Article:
Monthly Archives: May 2014

Alanna: The First Adventure (Song of the Lioness #1) by Tamora Pierce

Alanna: The First Adventure (Song of the Lioness, #1)

I still can’t believe that I made it through my entire adolescence without ever reading a single Tamora Pierce book. I was aware of the books, obviously, but I never bothered to pick them up. This was mostly due to my childhood belief that once I found a book I really liked, there was no reason to read anything else – this is why I read Lloyd Alexander’s Chronicles of Prydain series multiple times in elementary school, but never bothered to seek out similar series or even any other books by the author. In fact, I remember not being interested in Harry Potter until my best friend in sixth grade gave me the first book for my birthday, essentially forcing me to read it and find out that I loved it. I only wish someone had done this with the Alanna books as well, but better late than never.

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The Pirates Laffite: The Treacherous World of the Corsairs of the Gulf by William C. Davis

The Pirates Laffite: The Treacherous World of the Corsairs of the Gulf

History books are tricky beasts. You want them to be well-researched, by someone with impressive scholarly credentials who knows what they’re talking about, but you also don’t want a droning lecture. The people who write popular history books are dismissed in the scholarly community because they are not “real” historians (like my favorite, Alison Weir, who apparently is not a historian, but merely a writer with an interest in history), and the real scholars who write history books often have no idea how to present their information in a way that is interesting and engaging to the general population. Obviously it’s better to read a history book written by someone like William C. Davis, who is a history professor and has clearly devoted years to researching the Laffites and is probably the most knowledgeable source on the infamous pirate brothers. Anyone wanting to learn about Jean and Pierre Laffite, who smuggled goods and raided ships on the Gulf coast in the waning days of piracy, would naturally turn to Davis’s book for the best information. It has almost 200 pages of notes alone, that must mean it’s the best source, right?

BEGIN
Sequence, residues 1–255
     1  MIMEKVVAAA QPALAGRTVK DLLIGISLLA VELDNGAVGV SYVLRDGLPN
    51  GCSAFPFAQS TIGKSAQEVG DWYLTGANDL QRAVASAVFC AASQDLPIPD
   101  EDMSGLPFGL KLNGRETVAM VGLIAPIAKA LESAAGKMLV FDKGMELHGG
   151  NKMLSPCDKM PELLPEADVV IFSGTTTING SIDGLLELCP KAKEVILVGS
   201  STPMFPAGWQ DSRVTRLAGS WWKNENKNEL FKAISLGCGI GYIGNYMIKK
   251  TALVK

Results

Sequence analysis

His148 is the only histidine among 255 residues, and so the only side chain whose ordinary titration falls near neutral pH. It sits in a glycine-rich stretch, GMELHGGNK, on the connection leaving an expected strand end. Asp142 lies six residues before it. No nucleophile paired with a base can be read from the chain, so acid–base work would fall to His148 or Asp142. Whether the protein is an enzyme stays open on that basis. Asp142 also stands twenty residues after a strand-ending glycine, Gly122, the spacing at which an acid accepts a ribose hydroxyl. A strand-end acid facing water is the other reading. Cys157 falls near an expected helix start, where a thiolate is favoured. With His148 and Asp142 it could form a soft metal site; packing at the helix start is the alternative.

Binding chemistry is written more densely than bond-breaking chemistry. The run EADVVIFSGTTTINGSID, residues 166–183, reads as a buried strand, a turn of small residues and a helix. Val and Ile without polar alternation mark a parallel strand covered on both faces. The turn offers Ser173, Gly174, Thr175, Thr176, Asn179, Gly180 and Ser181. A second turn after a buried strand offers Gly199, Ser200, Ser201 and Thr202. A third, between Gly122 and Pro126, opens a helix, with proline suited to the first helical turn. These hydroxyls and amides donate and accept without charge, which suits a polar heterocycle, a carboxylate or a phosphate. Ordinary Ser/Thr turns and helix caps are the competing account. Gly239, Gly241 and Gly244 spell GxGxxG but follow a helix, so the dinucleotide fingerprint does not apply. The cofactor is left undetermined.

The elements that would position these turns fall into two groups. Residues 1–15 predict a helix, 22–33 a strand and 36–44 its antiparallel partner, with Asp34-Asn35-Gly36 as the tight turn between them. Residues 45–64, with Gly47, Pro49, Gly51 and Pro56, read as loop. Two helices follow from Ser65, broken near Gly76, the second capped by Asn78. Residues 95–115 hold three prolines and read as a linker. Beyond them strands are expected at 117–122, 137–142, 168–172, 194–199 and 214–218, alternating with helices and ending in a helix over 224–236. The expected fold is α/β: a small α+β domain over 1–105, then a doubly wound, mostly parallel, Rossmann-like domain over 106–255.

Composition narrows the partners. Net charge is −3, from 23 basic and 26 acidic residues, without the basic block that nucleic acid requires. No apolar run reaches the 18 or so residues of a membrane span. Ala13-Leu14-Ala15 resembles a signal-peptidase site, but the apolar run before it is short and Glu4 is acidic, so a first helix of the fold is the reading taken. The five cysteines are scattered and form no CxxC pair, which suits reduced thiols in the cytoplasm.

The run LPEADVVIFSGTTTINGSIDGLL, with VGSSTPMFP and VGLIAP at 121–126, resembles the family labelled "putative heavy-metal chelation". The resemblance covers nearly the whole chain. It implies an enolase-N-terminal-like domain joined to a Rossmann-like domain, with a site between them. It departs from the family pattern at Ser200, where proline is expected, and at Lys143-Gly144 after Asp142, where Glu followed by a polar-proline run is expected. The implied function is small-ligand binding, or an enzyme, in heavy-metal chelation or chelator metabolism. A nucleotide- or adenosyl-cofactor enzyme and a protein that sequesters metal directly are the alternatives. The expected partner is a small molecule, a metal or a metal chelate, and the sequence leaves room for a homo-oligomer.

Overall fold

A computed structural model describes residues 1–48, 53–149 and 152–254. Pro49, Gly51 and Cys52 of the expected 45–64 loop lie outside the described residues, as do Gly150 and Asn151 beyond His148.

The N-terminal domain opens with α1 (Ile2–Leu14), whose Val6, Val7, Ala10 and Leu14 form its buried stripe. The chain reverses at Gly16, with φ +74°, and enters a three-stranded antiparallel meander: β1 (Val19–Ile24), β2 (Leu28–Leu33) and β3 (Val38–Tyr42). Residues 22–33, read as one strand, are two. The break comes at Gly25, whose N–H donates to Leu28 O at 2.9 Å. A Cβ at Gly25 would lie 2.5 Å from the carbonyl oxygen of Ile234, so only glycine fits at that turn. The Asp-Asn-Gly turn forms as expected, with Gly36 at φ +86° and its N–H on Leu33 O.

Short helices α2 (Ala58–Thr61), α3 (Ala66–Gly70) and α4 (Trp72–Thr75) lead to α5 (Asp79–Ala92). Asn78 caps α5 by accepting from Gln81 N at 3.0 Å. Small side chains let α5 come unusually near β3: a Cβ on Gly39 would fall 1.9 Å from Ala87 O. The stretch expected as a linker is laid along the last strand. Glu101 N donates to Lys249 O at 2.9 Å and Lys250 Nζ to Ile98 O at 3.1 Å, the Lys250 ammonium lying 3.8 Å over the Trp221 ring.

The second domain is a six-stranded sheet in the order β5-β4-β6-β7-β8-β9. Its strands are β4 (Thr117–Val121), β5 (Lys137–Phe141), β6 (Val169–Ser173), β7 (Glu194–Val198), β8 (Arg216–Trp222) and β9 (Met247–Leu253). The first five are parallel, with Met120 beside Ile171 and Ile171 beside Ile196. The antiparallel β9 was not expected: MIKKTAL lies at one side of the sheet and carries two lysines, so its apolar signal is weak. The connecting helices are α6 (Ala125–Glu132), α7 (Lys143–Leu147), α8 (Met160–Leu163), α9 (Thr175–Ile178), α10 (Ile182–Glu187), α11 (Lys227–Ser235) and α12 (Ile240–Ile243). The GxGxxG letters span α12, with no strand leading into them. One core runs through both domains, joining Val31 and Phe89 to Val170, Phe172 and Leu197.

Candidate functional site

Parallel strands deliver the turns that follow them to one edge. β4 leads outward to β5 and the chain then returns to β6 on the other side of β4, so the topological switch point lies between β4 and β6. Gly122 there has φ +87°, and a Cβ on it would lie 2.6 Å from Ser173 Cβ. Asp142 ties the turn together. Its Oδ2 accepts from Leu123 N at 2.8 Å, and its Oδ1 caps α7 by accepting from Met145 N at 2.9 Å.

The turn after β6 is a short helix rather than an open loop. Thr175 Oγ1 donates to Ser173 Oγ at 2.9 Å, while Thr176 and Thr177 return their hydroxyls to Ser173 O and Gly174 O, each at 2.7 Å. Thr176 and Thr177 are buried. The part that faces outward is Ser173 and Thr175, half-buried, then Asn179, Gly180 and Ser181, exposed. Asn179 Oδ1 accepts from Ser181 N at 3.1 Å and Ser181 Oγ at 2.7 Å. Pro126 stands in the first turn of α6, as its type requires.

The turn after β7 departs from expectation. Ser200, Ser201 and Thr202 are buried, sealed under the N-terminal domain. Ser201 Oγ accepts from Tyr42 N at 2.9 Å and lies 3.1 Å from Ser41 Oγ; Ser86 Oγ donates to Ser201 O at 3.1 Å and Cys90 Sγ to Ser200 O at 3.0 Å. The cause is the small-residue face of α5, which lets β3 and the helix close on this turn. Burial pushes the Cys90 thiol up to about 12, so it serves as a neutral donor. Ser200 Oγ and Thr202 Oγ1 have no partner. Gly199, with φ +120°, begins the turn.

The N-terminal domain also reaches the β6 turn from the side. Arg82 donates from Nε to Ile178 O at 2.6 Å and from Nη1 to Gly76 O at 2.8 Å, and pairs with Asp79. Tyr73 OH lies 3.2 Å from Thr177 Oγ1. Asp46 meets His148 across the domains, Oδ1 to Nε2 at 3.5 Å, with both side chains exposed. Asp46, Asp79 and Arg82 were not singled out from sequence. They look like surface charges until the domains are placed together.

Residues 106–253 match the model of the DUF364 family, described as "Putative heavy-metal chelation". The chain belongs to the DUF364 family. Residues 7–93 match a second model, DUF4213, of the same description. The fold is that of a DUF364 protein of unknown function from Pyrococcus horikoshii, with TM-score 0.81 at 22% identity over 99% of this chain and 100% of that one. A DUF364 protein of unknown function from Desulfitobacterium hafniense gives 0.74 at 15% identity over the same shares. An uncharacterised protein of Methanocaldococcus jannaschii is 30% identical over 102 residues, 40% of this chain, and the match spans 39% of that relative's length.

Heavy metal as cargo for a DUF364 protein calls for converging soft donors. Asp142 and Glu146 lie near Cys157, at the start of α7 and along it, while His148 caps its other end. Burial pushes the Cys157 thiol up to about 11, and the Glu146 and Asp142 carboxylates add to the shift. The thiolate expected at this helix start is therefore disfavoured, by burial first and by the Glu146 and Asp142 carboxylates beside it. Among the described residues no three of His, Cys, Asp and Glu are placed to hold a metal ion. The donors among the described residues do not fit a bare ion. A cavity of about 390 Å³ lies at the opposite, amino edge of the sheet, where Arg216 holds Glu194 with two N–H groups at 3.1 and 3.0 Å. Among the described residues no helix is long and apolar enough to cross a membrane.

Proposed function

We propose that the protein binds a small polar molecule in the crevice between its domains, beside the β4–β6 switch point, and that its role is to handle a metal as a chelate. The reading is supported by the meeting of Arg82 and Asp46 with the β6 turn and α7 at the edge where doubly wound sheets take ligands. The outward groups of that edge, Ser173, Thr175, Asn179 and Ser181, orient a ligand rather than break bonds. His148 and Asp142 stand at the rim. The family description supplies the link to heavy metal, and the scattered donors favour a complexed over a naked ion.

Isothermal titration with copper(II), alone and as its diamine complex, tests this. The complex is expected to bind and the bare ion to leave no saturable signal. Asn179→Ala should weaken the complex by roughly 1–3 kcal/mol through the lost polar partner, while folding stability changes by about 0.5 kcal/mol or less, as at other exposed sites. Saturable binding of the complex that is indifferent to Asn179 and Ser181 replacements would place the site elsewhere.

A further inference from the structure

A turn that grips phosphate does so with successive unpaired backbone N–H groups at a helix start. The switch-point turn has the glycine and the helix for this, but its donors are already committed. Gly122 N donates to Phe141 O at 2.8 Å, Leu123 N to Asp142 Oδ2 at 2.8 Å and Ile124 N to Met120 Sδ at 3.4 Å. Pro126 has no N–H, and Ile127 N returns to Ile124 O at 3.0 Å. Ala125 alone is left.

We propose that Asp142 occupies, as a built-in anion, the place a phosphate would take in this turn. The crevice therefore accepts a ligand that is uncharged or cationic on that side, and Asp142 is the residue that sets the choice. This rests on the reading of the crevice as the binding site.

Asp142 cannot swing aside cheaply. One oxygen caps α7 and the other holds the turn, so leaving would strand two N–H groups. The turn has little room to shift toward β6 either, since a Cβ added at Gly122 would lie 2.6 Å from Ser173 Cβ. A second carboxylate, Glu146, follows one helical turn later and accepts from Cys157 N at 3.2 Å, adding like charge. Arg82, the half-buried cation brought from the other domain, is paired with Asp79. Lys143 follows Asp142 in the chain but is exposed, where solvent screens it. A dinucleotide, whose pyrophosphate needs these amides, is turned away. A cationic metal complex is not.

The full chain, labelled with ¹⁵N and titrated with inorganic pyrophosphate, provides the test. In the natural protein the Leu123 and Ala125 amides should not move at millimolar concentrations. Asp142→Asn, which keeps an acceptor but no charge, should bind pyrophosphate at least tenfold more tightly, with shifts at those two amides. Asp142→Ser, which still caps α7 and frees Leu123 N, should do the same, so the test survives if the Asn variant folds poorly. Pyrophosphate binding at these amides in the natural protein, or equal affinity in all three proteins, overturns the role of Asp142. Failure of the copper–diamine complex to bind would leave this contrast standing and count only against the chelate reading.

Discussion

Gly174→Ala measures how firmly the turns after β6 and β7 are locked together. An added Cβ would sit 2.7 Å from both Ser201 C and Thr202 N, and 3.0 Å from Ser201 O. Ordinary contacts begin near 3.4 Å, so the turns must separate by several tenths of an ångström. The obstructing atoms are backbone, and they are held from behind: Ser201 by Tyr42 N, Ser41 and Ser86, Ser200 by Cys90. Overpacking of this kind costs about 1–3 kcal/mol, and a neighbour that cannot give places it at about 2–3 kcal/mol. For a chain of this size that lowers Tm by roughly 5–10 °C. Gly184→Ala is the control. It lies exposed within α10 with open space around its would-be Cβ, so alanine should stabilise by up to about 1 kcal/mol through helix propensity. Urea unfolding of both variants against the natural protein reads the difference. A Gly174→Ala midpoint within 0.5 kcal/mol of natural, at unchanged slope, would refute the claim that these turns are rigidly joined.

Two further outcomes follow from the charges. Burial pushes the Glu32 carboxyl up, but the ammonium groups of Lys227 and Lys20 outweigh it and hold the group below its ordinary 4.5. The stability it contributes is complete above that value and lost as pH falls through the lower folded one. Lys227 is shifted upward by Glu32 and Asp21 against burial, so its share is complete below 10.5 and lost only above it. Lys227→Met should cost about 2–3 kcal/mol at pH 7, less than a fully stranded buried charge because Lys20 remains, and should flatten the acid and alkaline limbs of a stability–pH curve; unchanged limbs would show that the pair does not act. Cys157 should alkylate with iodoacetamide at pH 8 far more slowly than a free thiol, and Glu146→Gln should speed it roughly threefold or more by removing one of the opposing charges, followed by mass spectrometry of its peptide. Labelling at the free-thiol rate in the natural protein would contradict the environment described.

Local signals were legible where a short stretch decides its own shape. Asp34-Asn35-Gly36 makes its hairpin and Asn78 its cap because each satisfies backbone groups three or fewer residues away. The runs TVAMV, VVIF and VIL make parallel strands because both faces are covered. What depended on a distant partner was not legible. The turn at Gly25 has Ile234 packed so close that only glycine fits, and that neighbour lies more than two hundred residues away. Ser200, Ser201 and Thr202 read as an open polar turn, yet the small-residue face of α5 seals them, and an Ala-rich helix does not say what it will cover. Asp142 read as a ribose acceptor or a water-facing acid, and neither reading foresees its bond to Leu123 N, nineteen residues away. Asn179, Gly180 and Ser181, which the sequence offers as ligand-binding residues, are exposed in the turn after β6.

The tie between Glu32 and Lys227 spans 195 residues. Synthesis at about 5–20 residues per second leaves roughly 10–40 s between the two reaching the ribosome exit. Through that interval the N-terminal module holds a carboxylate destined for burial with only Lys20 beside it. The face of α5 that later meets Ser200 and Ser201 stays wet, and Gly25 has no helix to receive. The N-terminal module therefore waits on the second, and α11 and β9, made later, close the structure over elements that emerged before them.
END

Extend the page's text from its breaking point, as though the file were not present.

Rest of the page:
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The Xanadu Adventure (Vesper Holly #6) by Lloyd Alexander

The Xanadu Adventure (Vesper Holly, #6)

“Miss Vesper Holly leads an active life. In the half-dozen years since my wife, Mary, and I, Professor Brinton Garrett, have been her guardians, I have seen her deal calmly and efficiently with erupting volcanoes, floods, earthquakes, exploding sausages, and other stressful events. The dear girl likes to keep busy.”

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The Philadelphia Adventure (Vesper Holly #5) by Lloyd Alexander

The Philadelphia Adventure (Vesper Holly, #5)

Five books into the Vesper Holly series, Lloyd Alexander finally switches up his formula, and it’s a welcome change.

I don’t mean that Dr. Helvitius isn’t present – hahahaha no, sadly, this useless villain is still the main antagonist, and it’s gotten to the point where I don’t even want to discuss him in my reviews because I’m so tired of him – but this isn’t a typical Vesper Holly adventure in every other sense.

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The Jedera Adventure (Vesper Holly #4) by Lloyd Alexander

The Jedera Adventure (Vesper Holly, #4)

When I decided to start my current project of reading all the fantasy/adventure books I should have read when I was in middle school, one of the rules I set for myself was that whenever I started a series, I would have to see it through to the end (it’s how I plan to force myself to get through The Golden Compass when I re-read it, because I remember disliking it for some reason when I first read it in seventh grade). I have two books left in the Vesper Holly series, and I’m still going to read them, but the fact remains that if I was reading this series as a kid, The Jedera Adventure would probably be the book that convinced me to abandon the series.

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